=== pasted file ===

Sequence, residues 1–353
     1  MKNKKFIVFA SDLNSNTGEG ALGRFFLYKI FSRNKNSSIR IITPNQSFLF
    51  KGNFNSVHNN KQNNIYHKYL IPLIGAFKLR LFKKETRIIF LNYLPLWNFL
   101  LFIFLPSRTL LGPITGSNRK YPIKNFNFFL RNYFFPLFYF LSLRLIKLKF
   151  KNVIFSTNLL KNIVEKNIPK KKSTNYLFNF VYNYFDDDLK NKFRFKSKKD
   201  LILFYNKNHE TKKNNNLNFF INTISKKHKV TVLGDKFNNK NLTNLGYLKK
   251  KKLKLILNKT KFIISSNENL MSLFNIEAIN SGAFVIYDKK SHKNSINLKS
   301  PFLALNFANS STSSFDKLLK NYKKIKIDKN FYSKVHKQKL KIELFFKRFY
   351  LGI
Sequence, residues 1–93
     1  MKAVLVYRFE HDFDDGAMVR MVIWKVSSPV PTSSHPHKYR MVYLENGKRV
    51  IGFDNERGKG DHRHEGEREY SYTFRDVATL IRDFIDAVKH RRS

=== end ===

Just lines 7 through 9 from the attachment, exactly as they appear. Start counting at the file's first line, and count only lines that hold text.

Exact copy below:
   251  KKLKLILNKT KFIISSNENL MSLFNIEAIN SGAFVIYDKK SHKNSINLKS
   301  PFLALNFANS STSSFDKLLK NYKKIKIDKN FYSKVHKQKL KIELFFKRFY
   351  LGI